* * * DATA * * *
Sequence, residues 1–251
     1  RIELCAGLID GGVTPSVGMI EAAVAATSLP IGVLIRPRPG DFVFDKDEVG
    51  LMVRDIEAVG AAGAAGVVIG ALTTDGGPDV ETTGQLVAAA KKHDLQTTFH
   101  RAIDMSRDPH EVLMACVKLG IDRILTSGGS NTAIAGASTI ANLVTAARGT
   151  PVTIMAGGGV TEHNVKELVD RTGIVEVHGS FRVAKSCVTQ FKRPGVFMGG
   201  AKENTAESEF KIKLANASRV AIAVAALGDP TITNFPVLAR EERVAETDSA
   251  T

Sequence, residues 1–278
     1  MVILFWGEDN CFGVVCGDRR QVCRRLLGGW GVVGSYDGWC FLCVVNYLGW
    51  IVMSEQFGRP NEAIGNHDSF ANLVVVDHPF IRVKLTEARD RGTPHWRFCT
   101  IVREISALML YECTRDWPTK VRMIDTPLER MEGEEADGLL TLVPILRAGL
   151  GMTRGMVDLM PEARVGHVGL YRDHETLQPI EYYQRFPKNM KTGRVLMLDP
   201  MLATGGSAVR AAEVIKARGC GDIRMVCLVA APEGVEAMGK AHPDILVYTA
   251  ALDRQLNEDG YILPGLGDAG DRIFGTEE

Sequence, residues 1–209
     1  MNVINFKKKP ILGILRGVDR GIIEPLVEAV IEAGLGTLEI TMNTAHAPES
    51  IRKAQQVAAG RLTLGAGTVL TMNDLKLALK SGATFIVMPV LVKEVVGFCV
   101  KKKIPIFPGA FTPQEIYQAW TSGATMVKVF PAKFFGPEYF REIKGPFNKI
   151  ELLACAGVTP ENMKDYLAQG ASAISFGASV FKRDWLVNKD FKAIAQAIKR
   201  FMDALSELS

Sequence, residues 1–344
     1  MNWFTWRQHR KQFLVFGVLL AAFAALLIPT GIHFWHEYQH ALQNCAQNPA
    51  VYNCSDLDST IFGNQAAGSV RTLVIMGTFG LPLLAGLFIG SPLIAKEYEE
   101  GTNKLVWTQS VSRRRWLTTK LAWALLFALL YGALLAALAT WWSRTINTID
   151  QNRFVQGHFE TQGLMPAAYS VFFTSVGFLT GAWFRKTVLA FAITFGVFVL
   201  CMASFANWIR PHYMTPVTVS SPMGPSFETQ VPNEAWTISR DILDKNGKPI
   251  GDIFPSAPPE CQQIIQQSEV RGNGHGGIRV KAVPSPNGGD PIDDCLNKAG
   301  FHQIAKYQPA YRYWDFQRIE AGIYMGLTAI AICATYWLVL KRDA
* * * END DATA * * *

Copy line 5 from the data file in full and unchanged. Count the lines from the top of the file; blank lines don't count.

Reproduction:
   151  PVTIMAGGGV TEHNVKELVD RTGIVEVHGS FRVAKSCVTQ FKRPGVFMGG